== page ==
GeoSearch Indexing Module¶
The GeoSearch indexing module adds support to GeoServer for exposing your data to Google’s GeoSearch. This makes it so more people can find your data, by searching directly on Google Maps or Google Earth. The format exposed is KML, so other search engines will also be able to crawl it when they are ready - Google is just the first to support it for sure. By default no data is published, but we highly encourage you to if your data can be publicly available, to help grow the wider geospatial web. Publishing is easy, as it is a part of the administration interface. For more information about geosearch see this blog.
How It Works¶
The GeoSearch module adds a sitemap.xml endpoint in the GeoServer REST API; that is, http://localhost:8080/geoserver/rest/sitemap.xml is your sitemap. By submitting the sitemap through Google’s webmaster tools, you can get your map layers to show up in searches on http://maps.google.com/.
Step By Step¶
A more explicit guide to using the GeoSearch module follows.
- Load your data as normal.
- Go to the Layer configuration page in GeoServer’s admin console for each layer you would like to expose, and check the ‘enable searching’ checkbox on the Publishing tab.
- Submit your sitemap.xml using Google’s webmaster tools. From your dashboard, pick the domain on which your server lives. In the menu on the left, click on “Sitemaps” and then “Add Sitemap”. You are adding a “General Web Sitemap”, and provide the URL equivalent http://localhost:8080/geoserver/rest/sitemap.xml .
The reason we are using “General Web Sitemap”, as opposed to a “Geo Sitemap”, is that sitemap.xml is really a sitemap index that links to a geo sitemap for each layer.
Behind the Scenes¶
GeoServer already has support for breaking up a dataset into regionated tiles. The information about what features belong in each tile is stored in an H2 database in $GEOSERVER_DATA_DIR/geosearch . We use this information when creating the sitemaps for Google. However, since the hierarchy may not be fully explored by the time a sitemap is submitted, the sitemaps also contain links to tiles deeper in the hierarchy, thereby expanding it. Some of these tiles may be empty, in which case Googlebot will receive a 204 response.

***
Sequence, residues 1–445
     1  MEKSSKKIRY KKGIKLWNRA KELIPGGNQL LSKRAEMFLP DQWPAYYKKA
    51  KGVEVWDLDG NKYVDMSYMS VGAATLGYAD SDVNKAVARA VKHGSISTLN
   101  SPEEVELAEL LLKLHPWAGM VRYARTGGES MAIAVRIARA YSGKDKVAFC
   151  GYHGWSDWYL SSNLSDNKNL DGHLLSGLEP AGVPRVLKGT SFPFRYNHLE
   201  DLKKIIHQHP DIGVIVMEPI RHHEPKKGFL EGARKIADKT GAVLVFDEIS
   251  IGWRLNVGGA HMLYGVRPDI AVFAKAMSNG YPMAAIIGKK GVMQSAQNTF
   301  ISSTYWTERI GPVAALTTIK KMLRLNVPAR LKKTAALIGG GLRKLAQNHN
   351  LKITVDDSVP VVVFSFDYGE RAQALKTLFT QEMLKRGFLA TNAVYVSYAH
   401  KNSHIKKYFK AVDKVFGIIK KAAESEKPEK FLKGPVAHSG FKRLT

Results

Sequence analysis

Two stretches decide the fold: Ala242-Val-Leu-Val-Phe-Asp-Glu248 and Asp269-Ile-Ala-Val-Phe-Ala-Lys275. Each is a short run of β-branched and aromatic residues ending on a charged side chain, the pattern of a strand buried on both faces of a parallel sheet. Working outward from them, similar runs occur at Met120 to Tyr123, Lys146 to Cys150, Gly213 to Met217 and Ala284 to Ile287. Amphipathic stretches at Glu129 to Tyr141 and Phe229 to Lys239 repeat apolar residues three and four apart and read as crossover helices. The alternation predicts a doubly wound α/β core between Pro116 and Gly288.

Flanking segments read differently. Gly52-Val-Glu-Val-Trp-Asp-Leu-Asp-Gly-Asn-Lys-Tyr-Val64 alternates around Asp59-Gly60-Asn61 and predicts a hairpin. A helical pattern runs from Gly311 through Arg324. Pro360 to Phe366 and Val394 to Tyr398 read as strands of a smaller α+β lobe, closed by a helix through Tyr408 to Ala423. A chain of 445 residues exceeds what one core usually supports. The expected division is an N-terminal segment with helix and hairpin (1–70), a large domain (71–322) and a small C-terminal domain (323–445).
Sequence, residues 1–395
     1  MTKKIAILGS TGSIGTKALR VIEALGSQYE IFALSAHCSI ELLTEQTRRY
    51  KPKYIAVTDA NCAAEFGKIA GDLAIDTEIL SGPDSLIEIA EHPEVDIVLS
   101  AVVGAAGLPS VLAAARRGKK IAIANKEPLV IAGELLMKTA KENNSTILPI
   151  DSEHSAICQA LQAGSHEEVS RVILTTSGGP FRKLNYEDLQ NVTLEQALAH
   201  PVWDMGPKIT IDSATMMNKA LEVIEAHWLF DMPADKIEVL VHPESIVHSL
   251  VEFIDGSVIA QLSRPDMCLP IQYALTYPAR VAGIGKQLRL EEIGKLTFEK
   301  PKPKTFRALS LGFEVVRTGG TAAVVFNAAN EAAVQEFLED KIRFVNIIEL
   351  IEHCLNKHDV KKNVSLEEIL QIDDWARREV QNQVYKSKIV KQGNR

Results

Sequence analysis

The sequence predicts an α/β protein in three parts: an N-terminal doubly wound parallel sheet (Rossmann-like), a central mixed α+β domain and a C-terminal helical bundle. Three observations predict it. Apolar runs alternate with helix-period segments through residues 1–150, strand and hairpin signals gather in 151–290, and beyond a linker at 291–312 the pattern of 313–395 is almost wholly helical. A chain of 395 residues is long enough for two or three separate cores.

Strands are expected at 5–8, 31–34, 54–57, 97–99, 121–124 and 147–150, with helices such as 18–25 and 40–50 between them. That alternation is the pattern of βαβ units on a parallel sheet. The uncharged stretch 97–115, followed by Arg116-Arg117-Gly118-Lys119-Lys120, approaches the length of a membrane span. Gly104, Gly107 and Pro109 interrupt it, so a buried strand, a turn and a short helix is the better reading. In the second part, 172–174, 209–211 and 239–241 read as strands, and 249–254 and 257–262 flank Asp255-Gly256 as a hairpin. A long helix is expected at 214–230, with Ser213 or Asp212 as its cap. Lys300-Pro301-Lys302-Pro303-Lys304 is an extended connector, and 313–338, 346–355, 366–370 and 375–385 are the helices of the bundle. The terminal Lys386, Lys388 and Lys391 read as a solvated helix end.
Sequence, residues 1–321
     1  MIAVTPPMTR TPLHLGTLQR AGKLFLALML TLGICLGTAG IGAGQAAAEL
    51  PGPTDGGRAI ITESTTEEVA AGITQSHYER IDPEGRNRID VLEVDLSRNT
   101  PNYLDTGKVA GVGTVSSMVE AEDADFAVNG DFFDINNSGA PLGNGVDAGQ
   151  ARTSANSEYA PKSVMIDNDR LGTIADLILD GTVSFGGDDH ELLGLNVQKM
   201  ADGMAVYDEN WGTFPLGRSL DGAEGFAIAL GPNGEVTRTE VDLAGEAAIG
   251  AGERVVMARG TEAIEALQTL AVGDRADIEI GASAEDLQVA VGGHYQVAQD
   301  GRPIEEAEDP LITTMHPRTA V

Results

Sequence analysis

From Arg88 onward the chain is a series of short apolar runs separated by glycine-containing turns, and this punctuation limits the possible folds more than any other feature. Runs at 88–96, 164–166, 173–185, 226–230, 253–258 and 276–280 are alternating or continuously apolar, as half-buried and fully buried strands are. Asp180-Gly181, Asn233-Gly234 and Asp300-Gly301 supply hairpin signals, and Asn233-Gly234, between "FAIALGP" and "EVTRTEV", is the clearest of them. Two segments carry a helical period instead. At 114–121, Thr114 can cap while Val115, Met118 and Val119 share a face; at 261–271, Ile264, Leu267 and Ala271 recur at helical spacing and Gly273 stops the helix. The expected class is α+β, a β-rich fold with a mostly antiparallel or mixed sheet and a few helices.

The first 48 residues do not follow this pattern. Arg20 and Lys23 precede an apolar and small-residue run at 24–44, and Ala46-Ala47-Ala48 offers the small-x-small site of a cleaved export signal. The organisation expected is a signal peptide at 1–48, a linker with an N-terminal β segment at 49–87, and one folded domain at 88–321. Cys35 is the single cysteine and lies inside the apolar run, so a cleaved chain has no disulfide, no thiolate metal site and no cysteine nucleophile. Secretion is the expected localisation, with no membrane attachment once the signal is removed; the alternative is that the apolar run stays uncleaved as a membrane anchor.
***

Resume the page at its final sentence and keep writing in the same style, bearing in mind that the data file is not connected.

If you are making big datasets available, more than 50 000 individual features, up to 2,000,000, you should consider doing the following. The main burden is to sort the features according to an attribute, so that they are output in order of importance and included in exactly one tile.
- Use a backend that supports queries, such as Postgis. You can use shp2psql to convert from a Shapefile to a SQL format supported by Postgis. Be sure to specify that you want a GIST (geospatial index) to be created, and provide the SRS. (-I and -s)
- Make sure your database has a primary index (an auto-incrementing integer is fine) and a spatial index on the geometry column
- Put an index on the column that you are going to sort the feature by. If you are using the size of the geometry, consider making an auxilliary column that contains the precalculated value and put an index on that. Note that GeoServer always sorts in descending order, so features you consider important should have a high value.
- In GeoServer’s feature type configuration, be sure to use “native-sorting” for the regionating strategy, and your chosen column as the regionating attribute.
- KML Feature Limit should generally be set to 50. It’s a balancing act between too much information per tile (Googlebot prefers document that are less than 1 megabyte) and a big hierarchy that takes long to build.